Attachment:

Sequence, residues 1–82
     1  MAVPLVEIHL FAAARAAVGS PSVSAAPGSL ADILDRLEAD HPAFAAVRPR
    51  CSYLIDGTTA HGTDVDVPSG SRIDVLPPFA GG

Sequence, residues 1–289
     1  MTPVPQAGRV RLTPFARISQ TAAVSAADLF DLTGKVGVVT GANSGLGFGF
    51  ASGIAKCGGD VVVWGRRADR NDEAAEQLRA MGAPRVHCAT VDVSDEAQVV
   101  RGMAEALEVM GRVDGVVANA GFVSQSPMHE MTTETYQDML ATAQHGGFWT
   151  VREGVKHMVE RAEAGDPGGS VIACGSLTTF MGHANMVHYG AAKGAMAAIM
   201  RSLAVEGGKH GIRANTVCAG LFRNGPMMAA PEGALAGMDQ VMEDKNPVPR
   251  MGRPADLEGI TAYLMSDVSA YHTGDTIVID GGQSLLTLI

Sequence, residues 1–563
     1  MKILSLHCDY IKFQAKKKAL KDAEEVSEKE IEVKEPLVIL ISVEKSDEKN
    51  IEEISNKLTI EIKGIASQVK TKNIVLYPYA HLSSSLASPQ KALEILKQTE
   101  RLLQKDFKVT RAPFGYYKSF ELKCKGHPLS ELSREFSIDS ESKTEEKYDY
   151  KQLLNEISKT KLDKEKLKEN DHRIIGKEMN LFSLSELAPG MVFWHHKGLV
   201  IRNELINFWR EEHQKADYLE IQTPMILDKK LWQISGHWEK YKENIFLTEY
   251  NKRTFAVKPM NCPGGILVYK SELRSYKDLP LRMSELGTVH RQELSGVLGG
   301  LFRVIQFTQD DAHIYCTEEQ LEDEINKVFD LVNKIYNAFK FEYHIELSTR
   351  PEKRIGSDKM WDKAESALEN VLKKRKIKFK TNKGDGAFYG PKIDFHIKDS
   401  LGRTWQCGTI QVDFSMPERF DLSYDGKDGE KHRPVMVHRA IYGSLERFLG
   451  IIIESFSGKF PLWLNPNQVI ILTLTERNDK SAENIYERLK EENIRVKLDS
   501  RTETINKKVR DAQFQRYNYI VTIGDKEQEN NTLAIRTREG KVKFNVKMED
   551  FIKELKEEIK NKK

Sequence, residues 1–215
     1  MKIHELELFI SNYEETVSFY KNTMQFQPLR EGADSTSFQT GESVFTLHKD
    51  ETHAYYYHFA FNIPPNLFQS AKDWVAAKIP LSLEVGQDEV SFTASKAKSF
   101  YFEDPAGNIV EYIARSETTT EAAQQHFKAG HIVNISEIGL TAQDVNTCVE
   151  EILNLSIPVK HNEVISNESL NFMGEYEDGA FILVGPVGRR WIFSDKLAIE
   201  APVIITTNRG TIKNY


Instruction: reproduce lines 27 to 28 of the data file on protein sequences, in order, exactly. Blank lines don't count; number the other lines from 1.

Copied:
   101  YFEDPAGNIV EYIARSETTT EAAQQHFKAG HIVNISEIGL TAQDVNTCVE
   151  EILNLSIPVK HNEVISNESL NFMGEYEDGA FILVGPVGRR WIFSDKLAIE